And it is so easy to sell your stuff today! There is craigslist, ebay, and even facebook. If you use facebook, there is a garage sale type group on facebook for almost any community across the country. The bigger city you live in, the higher probability you will find someone that wants your old junk! But even if you live in a small town, all you need to do is find the right person. I’ll bet if you declutter with a sense of purpose, you can make $1,000 within a few months and voila, emergency fund complete!


Inspired by Minimalism


When I first began taking control of my finances and started living on a budget, I was highly inspired by the blog Becoming Minimalist. The entire premise is to declutter your life and focus on what is truly important to you. They have a lot of articles about practical steps to declutter your possessions and become a minimalist with your finances as well. Part of our debt free journey has involved being minimal with how we spend our money. We say ‘no’ to a lot of things that our friends and family don’t and choose to live very simply. I believe this has helped us stay focused and motivated to get out of debt and provided a basic framework for our financial philosophy. Give his blog a read and see how it can apply to your own attempts to declutter and start your emergency fund.


Wrapping it Up


Creating an emergency fund is a big first step to prepare for the unexpected and set your finances on the right track. Spring cleaning is the perfect opportunity to not only declutter, but to get a jump start on your emergency fund. It may be hard to part with some things, but if you can say goodbye, you can earn some serious money basically for free. Then as a side benefit, you may be inspired by your new life of being more minimal.


Endnote: How has an emergency fund saved your finances? Tell me a fun decluttering story. If you want to hear more about how my family handles finances, budgets for expenses big and small, and for tips on how to get out of debt, follow the link to my official blog at





Love Stories

Love Stories . . .

By Sharon Sheppard


Lately I’ve been thinking a lot about love.

I suppose it started around Valentine’s Day when lovers of all ages came out of the woodwork, and the media reported romantic accounts of lovers who met young, married someone else, then later, when widowed or divorced, found each other and fell in love all over again.

And there were heart-warming stories of extraordinarily long marriages, sacrificial love–the works.

On a personal level, Valentine’s Day tends to bring pangs of missing the only man I ever dated—the one I married young and would marry again in a minute, given the chance.  The one I lost after his extended battle with cancer—a rollercoaster of pain and hope: chemo, stem cell transplant, dialysis.

So I’ve recently been reflecting on many kinds of love—between parents and children, siblings, and dear friends.  I think about people donating their kidneys, sometimes to strangers.  I think about the response of those good-hearted police officers in California where some Girls Scouts were robbed at gunpoint while selling cookies outside a supermarket.  Local officers showed up and bought all the rest of their cookies and donated $1,000.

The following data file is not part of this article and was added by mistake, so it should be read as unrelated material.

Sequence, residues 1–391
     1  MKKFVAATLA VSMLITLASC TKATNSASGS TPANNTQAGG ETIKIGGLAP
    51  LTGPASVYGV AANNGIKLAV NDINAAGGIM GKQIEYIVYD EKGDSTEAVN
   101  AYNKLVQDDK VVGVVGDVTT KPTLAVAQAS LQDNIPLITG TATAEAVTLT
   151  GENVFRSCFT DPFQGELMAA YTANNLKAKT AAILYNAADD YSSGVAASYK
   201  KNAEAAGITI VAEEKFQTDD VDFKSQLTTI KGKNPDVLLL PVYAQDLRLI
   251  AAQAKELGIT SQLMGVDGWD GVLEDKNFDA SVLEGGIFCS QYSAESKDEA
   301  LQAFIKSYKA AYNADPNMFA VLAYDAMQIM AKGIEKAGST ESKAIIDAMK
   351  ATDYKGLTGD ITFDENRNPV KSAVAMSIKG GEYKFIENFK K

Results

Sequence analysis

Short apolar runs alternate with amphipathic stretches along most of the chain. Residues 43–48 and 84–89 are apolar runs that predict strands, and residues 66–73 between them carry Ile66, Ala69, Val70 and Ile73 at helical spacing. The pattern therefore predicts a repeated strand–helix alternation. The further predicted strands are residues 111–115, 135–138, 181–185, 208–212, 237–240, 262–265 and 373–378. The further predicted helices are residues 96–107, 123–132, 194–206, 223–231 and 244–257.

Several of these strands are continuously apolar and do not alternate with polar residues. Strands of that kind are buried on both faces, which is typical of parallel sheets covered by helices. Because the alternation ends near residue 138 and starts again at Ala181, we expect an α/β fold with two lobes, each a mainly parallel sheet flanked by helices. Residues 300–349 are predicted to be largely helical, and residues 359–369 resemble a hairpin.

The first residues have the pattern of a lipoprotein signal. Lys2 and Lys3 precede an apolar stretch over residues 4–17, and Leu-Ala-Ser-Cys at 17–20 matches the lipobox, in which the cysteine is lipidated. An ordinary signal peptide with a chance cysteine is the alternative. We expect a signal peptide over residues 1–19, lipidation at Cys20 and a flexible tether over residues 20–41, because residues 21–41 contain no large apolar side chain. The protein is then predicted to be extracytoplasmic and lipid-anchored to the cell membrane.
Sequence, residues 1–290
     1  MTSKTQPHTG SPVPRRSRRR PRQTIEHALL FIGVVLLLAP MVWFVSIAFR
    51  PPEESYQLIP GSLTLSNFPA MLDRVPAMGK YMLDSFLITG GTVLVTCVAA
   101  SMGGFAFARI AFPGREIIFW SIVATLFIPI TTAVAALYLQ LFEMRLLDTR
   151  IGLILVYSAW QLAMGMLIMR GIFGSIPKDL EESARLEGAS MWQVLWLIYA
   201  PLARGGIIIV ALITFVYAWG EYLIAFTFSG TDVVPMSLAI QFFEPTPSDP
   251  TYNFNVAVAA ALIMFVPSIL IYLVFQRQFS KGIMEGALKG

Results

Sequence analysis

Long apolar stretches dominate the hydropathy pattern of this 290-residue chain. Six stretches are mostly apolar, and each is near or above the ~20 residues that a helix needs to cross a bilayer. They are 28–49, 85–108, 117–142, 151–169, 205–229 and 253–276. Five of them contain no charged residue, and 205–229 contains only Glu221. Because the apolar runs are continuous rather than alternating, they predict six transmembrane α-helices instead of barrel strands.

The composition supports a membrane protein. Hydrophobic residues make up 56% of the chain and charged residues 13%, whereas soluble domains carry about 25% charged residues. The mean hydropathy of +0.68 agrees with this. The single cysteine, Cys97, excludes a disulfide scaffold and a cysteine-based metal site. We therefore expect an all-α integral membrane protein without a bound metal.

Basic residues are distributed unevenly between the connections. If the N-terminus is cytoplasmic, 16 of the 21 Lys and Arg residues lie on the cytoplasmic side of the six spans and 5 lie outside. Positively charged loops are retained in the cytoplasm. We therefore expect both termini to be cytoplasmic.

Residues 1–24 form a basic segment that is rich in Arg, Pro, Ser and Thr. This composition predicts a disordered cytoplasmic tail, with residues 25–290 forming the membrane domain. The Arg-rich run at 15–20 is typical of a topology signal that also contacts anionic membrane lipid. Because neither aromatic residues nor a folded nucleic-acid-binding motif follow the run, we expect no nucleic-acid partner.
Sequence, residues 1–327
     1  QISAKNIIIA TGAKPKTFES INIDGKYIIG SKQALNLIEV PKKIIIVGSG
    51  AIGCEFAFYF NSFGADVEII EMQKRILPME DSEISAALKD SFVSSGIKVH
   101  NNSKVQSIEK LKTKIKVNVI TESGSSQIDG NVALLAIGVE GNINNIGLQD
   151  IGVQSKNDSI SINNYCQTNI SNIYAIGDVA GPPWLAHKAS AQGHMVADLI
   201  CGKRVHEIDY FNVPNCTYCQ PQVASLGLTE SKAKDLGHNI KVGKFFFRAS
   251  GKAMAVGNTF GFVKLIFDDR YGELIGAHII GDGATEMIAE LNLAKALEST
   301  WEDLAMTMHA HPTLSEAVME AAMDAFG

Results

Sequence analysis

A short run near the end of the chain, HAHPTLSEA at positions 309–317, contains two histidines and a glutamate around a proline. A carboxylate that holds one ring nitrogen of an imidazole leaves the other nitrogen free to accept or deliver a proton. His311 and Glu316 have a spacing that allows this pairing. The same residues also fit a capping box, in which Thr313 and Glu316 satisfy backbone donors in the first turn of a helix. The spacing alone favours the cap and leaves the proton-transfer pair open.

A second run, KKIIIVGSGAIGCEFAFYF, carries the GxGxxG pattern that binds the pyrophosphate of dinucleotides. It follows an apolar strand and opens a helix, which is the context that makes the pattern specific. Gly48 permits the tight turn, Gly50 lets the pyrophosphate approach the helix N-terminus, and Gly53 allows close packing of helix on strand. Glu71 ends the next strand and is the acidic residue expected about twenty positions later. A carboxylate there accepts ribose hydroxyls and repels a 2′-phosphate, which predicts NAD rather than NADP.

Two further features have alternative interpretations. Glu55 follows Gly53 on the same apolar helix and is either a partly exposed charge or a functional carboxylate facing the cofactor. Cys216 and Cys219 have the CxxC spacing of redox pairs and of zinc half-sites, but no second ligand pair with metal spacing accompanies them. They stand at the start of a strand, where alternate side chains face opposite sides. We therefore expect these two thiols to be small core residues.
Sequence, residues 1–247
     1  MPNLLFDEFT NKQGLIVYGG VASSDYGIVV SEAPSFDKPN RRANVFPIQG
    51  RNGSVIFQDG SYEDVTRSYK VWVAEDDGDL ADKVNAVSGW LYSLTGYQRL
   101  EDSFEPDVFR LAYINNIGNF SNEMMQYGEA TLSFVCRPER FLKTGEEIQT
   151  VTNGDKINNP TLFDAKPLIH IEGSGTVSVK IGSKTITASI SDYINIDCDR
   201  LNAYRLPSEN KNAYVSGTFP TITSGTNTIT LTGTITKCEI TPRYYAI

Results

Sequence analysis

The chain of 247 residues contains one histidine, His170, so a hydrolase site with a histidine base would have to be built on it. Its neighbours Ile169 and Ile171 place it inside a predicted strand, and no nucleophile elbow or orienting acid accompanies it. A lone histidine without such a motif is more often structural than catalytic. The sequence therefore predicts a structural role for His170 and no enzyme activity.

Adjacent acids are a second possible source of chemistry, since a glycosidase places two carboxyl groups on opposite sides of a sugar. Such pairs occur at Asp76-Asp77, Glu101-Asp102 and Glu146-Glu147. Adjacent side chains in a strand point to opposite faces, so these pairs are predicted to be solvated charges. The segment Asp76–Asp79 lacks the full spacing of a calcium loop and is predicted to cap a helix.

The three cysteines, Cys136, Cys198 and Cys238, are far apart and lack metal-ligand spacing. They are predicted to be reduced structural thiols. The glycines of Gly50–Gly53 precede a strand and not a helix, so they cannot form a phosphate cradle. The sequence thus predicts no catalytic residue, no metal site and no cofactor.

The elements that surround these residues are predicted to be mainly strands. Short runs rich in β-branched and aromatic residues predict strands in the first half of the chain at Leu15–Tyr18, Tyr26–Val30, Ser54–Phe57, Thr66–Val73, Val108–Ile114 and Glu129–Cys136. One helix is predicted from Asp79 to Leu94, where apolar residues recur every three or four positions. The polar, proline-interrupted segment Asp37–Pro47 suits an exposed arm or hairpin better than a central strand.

I cherish the memories of the warm and loving marriage my parents modeled as I was growing up.  My mother was in her fifties and a patient at the University Hospital in Minneapolis, where she struggled with serious health issues.  My dad had to work during the week, but he would drive down from Northern Minnesota to visit her on the weekends.

“When your dad walks into the room,” my mother said, “He makes the sun to shine.”

When my sister-in-law, Marlene Moser, was caring for her elderly parents, who were well into their nineties, she told me of going to their new assisted-living apartment to see how she could make them more comfortable.  She rearranged the furniture, placing a small table between their recliners so they would have a place to set their coffee cups while they watched TV.

But when Marlene returned for her next visit, the couple, who had been married 70-plus years, had rearranged the furniture to their own liking.

“We moved the table,” her mother said, “because it’s too hard for us to hold hands with that table between us.”

But as precious as these stories are, there is a love that far exceeds any other.

Lent began on March 1, and as I ponder Good Friday, yet to come, to be followed by Easter Sunday on April 16, my mind is awash with a different kind of love—the Greatest Love Story Ever Told.

The sacrifice of God’s only Son to atone for our sins was an act of love so immense that it stuns me.  And it was so willingly bestowed that I can’t begin to comprehend it.

Never were gift recipients so undeserving. 

Never has the cost of any sacrifice been this lavish. 

Never have the eternal consequences been more monumental.

“While we were yet sinners, Christ died for us!” Romans 5:8


I cherish this costly act of Love that made it possible for us sinners

(that’s ALL of us!) to have the chance to approach a holy God and take

Him up on His offer of salvation through faith.

This is the ultimate HOPE FOR THE JOURNEY.